‘She didn’t win’: Trump angered by Haley’s boasts about N.H.

NASHUA, N.H. — Donald Trump seemed truly befuddled.

Addressing the crowd at his Tuesday night primary victory party in Nashua, N.H., the former president expressed genuine disbelief that former South Carolina governor Nikki Haley had finished the night in second place — yet she had taken to a stage before him for what he viewed as, essentially, a victory lap. While she briefly acknowledged his win, Haley went on to boast about what she depicted as a strong finish.

“I said, ‘Wow, she’s doing like a speech, like she won,’” Trump marveled. “She didn’t win. She lost.”

Later, an exasperated Trump continued: “Who the hell was the impostor that went up on the stage before and like claimed a victory? She did very poorly, actually.”

It was as if game (Trump) thought he recognized game (Haley) — and that made game (Trump) a little bit grumpy.

Trump, after all, is the king of portraying a loss as a victory, though in his case dangerously so. He has a long history of claiming that any election he doesn’t win is RIGGED or STOLEN, and still refuses to accept the results of the 2020 election, which he lost to President Biden.

“Frankly, we did win this election,” he declared on election night 2020, as the polls tilted away from him and toward Biden.

Trump’s denialism helped spur his supporters to mount the deadly Jan. 6, 2021, attack on the U.S. Capitol, and the former president now faces 91 charges across four criminal cases — two of which are directly related to his refusal to accept the results of the free and fair 2020 election.

“It’s forever been true that Donald Trump thinks there are two kinds of elections — the ones that he wins and the ones that are stolen,” said David Axelrod, a former senior adviser to President Barack Obama.

But that didn’t stop Trump on Tuesday night from growing piqued that Haley had touted her election loss as a kind of triumph — relatively standard political spin in which a defeated candidate emphasizes the cloud’s silver lining.

Haley finished with about 43 percent of the vote compared to Trump’s roughly 54 percent in New Hampshire — an outcome closer than many of the polls were predicting in the final days before the state’s primary, but still a sizable loss.

In fact, Haley did briefly address Trump’s New Hampshire win Tuesday night, saying she wanted to congratulate him on his victory: “He earned it, and I want to acknowledge that,” she said.

But then Haley struck a more ebullient tone.

“Today, we got close to half of the vote,” Haley told the crowd at her primary party in Concord, after reminding her supporters: “I’m a fighter and I’m scrappy and now we’re the last ones standing next to Donald Trump.”

Speaking to his supporters, Trump proclaimed, “This is not your typical victory speech — but let’s not have somebody take a victory when she had a very bad night.”

Conservative writer Jonah Goldberg posted on X, “Funny irony listening to Trump complain about a competitor acting like she won when she lost. You know who else did something like that?”

Trump also engaged in some dark rhetoric that felt discordant on a night that was, for him, an actual victory — the second of two, following a first-place finish in the Iowa caucuses eight days earlier.

Trump mocked Haley’s “fancy dress that probably wasn’t so fancy” — referring to the garment with a deep, almost midnight, violet shade, embroidered with large flowers. He also warned, with no evidence or specifics, of multiple investigations that he claimed would dog a Haley candidacy.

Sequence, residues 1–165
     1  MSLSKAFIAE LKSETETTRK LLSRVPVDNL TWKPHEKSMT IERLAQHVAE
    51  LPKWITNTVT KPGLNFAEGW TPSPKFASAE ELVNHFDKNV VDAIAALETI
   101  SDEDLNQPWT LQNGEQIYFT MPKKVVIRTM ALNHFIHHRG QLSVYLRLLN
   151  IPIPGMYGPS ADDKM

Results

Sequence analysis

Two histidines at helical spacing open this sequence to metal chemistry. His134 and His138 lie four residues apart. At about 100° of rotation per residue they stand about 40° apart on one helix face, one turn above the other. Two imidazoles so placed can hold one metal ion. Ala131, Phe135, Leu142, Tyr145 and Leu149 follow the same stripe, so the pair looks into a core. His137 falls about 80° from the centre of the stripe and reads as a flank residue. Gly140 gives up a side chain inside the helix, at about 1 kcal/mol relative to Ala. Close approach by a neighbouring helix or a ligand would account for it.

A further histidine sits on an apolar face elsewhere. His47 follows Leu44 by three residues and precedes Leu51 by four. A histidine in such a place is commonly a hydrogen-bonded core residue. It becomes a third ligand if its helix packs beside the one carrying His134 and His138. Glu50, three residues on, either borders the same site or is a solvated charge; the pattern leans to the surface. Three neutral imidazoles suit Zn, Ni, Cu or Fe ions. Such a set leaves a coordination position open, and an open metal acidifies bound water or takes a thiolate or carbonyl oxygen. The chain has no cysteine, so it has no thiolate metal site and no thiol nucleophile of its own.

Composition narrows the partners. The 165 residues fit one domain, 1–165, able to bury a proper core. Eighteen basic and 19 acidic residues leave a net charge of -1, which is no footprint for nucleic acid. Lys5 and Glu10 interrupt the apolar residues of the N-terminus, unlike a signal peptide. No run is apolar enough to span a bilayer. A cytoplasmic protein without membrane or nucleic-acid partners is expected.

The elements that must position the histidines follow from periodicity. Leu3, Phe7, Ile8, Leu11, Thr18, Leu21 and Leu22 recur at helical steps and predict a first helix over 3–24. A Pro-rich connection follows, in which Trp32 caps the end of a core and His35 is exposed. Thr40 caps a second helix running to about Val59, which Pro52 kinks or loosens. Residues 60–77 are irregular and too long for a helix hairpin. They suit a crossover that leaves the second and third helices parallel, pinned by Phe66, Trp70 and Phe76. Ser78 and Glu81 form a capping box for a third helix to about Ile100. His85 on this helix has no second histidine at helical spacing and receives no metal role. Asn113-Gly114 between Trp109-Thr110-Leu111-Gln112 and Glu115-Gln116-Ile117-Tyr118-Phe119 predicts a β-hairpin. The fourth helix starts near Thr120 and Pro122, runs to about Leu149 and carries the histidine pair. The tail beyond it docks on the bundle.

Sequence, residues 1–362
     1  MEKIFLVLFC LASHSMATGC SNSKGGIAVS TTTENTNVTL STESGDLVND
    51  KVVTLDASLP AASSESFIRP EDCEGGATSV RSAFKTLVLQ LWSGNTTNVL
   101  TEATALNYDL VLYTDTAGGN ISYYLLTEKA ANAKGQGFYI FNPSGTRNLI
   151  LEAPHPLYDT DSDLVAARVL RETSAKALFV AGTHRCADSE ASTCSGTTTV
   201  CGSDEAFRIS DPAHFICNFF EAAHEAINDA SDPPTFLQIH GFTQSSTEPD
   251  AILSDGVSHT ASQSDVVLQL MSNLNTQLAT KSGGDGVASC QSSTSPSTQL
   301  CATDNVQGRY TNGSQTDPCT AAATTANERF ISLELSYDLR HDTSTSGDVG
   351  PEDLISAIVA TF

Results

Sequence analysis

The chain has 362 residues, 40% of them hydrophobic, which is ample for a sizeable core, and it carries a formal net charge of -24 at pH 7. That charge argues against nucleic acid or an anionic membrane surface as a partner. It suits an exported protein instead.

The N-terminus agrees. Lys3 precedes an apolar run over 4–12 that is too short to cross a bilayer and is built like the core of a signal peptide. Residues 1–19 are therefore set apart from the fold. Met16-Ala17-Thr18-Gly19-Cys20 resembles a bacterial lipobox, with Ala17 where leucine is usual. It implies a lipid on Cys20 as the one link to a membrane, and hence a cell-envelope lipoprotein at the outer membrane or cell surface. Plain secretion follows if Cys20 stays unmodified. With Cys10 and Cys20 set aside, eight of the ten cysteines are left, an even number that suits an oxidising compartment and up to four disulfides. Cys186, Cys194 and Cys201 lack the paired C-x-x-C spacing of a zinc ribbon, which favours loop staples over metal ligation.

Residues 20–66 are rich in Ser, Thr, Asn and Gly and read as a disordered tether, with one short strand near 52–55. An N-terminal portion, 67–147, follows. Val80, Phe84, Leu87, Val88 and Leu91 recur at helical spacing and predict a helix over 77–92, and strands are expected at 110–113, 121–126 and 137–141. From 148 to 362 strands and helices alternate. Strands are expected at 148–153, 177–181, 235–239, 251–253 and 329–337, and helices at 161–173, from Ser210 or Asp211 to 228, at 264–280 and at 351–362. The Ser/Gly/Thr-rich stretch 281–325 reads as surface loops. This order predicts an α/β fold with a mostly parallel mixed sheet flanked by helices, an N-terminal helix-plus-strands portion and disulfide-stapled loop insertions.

“And just a little note to Nikki,” Trump said. “She’s not going to win. But if she did, she would be under investigation by those people in 15 minutes. And I could tell you five reasons why already — not big reasons, a little stuff that she doesn’t want to talk about — but she will be under investigation within minutes.”

He also struck another nasty note while turning to Sen. Tim Scott (R-S.C.), who had recently endorsed him over Haley, despite owing his Senate seat to her appointing him to the role in 2012.

“You must really hate her,” Trump sneered.

Scott responded with a laugh: “I just love you!”

Trump has long deployed a form of “I’m rubber, you’re glue” projection, accusing rivals and perceived enemies of the very things of which he is guilty — wielding shamelessness as a superpower.

Late last year, for instance, amid growing concern that Trump was echoing authoritarians and dictators, he unveiled a new line of attack against Biden. It was Biden, the former president argued, who was the real fascist tyrant working to upend the nation’s fragile institutions.

On Tuesday, Trump also touted what he called his “winnability,” and extended his anti-Haley gripes back to the Iowa caucuses. He complained that then, too, Haley had lost — she finished third, just slightly behind Florida Gov. Ron DeSantis, who dropped out several days later — but delivered the enthusiastic speech of a winner.

“I remember I sort of had the same feeling,” Trump recalled. “I’m up and I’m watching and I said, ‘She’s taking a victory lap.’ And we beat her so badly. But Ron beat her also.”

Trump noted that Haley “came in third and she’s still hanging around.”

And if there was still any doubt as to how Trump felt about Haley’s determination to spin two losses into a fiery momentum she hopes will carry her into the South Carolina primary next month and the Super Tuesday contests on March 5, Trump threaded his feelings into several dozen increasingly frenetic messages on his personal social media site, Truth Social.

“Could somebody please explain to Nikki Haley that she lost — and lost really badly,” he wrote just before 1 a.m. Wednesday morning. “She also lost Iowa, BIG, last week. They were, as certain Non-Fake Media says, ‘CRUSHING DEFEATS.’”

This post appeared first on The Washington Post

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